The first order and second order derivatives also must satisfy the compatibility equations. The compatibility equations are expressed in terms of the general tensorial algebra and involve the first and second order derivatives that have been defined in (27) to (32). These equations can be expressed in different ways; one particular type of expressions is the Mainardi-Codazzi equations. The conclusion of this analysis is that in order to obtain the complete information of a surface we must utilize the parallax generated by the projection of two orthogonal systems of gratings. The projection moiré method thus has a similar structure to the intrinsic moiré utilized to define the strain tensor. In both cases we are dealing with mathematical entities that are tensors, thus we need to generate the components of the involved tensors. The strain tensor in 2D and the tensor that defines the curvatures of simple surfaces are both second order tensors in 2D. The strain tensor in 2D is defined by the projections of the gradient vectors of the two functions that describe the projected displacement in two orthogonal directions. In total we have four derivative, two for each surface that describe the projections of the displacement vector. These four derivatives are not independent and, therefore, they must satisfy the compatibility conditions of continuum mechanics. Likewise for a surface we need four gradient projections that provide the rate of change of the two components of the gradient vector at a point of a surface. These quantities can be obtained when two orthogonal gratings are projected onto a surface. This is the basic reason why to obtain the information concerning a 3-D surface a system of orthogonal gratings is required. Again the four projections are not independent from each other and must satisfy the compatibility equations that arise from the general theorem of existence of surfaces. In both cases we utilize orthogonal Cartesian tensors. Hence, the moiré method allows us to implement the differential geometry analysis of simple surfaces directly and, thus, to obtain all the necessary information to retrieve information about surfaces with a high degree of accuracy. Selection of the Geometry of the Set Up that Will Maximize the Efficiency of the Retrieval of Surface Information; the Projective Geometry and Moiré Pirodda established the first connection between projective geometry and the moiré projection method by concluding that the moiré method was a process of contouring based on parallax measurement. One can arrive at the classical assumption utilized in many of the applications of shadow moiré, supported by Eq. (20), in the case that the projection is done from infinity and the observation is also performed from infinity the moiré pattern resulting from the difference of phase of the reference grating and the projected grating gives the level lines or lines of equal height with respect to a reference plane. The reference plane in one of the embodiments of the present invention is a virtual plane that is memorized by the computer system assembled for data retrieval. The concept of parallax is a fundamental concept in human vision and has been extended to all vision systems. At the same time the reference plane is a coordinate-plane that will be used to describe the observed surface. The concept of parallax is a fundamental concept in the understanding the connection between moiré and projective geometry. The concept of parallax is associated with a two lens system. This concept was extended by Pirodda to a camera and a projector. In this invention the role of the camera in the determination of the parallax is removed. Four symmetrically located projectors are utilized. The four projectors are required to define a surface as a tensorial entity as it has been shown in above. Both projectors and cameras can be represented by the pinhole camera model. Cameras and projectors can be arranged in accordance with the most convenient geometries to achieve certain particular objectives. If we consider one camera and two projectors, In _{L }and I_{R }project the point P, respectively, into points P_{L }and P_{R}. If we draw the perpendicular from P to the segment P_{L}P_{R }(i.e., the red line in the figure) we obtain the point P″ that provides the segments u_{R }and u_{L }that give the parallax of the point P resulting from the two projection centers. If we draw the plane Π_{N}, passing through P that intercepts the reference plane Π_{R }along a line parallel to P_{L}P_{R }(the Π_{N }plane is denoted by the green color) and if we draw from P the normal to the reference plane we get the segment h (the violet line in _{PRN }(passing through PR_{R }and P) and Π_{PLN }(passing through PR_{L }and P) which are both perpendicular to Π_{N }we get the points P″_{R }and P″_{L}. From u _{T} =u _{L} +u _{R} =h(tgθ _{LZ} +tg∂ _{RZ}) (36)The normalized vectors illumination are given by,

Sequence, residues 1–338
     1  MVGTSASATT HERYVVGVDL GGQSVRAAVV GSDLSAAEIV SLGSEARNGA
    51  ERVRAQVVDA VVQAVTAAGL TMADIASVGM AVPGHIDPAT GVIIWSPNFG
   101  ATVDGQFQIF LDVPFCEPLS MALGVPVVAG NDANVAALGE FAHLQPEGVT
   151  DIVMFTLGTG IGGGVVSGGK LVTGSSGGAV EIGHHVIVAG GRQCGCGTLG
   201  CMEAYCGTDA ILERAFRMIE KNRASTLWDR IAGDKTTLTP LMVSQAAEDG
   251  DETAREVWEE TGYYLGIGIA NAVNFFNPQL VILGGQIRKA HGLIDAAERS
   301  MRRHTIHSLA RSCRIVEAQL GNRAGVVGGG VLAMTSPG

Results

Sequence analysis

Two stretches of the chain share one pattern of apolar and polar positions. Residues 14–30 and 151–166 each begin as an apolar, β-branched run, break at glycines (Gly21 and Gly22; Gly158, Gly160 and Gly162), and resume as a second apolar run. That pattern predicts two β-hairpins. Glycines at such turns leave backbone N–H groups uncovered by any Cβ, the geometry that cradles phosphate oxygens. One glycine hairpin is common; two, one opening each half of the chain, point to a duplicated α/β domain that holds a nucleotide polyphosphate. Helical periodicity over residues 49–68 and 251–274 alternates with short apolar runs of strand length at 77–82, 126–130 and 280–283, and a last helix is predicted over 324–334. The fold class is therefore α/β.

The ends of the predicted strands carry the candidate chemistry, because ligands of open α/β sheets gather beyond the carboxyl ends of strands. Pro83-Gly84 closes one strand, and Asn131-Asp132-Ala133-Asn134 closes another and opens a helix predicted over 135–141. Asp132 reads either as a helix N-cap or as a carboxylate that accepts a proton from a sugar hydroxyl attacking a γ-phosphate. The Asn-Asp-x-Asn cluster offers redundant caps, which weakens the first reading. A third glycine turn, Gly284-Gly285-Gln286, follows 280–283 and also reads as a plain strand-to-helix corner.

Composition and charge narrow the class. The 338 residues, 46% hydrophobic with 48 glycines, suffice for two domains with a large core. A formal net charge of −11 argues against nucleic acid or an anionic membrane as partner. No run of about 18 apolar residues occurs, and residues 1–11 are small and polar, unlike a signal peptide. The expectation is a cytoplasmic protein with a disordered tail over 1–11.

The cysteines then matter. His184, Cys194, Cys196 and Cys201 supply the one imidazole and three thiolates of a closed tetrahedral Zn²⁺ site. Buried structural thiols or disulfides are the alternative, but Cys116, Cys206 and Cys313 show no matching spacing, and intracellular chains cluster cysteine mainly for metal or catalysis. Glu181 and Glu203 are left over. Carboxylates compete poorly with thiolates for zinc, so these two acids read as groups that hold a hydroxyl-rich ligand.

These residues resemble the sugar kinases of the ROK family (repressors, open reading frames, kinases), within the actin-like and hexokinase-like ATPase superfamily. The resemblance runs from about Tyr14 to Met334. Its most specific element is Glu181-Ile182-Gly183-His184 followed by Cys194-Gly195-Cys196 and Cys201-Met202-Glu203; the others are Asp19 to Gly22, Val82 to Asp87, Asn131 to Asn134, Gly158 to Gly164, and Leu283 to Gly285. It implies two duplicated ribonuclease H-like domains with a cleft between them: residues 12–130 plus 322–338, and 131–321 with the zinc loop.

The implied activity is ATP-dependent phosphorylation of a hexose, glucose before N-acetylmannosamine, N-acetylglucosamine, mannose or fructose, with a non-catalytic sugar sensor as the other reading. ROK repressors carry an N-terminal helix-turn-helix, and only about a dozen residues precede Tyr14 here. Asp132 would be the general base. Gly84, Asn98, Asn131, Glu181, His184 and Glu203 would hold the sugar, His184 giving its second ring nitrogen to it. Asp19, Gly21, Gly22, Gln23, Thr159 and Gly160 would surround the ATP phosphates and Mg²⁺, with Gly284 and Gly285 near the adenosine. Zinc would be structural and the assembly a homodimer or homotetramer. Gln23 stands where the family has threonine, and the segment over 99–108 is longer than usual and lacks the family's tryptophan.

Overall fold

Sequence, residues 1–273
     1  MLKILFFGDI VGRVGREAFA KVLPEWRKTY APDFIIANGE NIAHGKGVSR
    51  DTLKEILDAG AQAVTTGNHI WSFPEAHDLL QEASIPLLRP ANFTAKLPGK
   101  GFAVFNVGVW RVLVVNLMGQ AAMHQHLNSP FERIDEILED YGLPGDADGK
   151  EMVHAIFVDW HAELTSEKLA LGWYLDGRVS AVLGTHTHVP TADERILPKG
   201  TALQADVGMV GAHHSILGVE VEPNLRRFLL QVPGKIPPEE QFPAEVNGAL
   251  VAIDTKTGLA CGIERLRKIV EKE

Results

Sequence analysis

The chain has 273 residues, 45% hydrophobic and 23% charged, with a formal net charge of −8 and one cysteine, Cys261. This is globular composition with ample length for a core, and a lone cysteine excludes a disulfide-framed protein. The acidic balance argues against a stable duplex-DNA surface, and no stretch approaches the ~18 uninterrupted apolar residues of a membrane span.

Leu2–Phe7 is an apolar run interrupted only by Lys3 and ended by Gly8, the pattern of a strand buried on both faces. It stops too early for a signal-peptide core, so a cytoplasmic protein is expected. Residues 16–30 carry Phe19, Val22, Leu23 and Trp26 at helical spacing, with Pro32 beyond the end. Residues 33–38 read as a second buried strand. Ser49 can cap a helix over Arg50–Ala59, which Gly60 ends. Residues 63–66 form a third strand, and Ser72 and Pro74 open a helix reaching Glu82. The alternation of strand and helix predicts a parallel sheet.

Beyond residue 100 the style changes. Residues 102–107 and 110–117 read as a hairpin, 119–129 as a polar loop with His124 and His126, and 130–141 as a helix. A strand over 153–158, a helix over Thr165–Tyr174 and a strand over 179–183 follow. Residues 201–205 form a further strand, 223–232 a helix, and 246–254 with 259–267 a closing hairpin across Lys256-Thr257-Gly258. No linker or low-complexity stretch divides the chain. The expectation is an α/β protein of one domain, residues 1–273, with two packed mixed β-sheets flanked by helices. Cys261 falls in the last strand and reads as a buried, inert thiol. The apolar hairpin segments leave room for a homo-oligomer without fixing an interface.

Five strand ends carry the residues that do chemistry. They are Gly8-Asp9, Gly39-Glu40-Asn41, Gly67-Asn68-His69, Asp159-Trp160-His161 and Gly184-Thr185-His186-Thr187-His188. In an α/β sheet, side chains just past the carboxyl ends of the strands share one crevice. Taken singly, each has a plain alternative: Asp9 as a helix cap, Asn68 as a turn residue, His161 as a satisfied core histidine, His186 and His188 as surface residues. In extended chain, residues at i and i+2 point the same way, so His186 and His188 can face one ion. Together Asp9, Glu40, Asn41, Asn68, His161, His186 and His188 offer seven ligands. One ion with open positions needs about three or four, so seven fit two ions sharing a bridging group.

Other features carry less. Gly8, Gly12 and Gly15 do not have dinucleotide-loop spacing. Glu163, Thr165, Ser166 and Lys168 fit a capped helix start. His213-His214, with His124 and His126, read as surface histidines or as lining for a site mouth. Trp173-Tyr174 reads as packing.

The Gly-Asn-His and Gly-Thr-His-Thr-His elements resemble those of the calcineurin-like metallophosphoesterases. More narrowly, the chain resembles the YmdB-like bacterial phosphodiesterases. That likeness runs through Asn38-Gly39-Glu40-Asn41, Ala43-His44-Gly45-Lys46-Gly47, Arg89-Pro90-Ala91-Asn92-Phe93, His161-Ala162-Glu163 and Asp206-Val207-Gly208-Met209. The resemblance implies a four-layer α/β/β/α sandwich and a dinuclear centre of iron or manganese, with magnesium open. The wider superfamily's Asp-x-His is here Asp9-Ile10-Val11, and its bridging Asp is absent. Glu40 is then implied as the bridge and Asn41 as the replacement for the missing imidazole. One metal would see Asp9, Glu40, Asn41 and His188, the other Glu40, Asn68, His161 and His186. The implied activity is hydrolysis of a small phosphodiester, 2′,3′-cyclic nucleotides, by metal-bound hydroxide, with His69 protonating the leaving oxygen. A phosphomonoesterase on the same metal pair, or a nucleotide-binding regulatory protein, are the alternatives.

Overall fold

The double sign introduced in Eq. (51) depends on the relative orientation of the point source with respect to the origin of coordinates in the reference plane. With the same notation of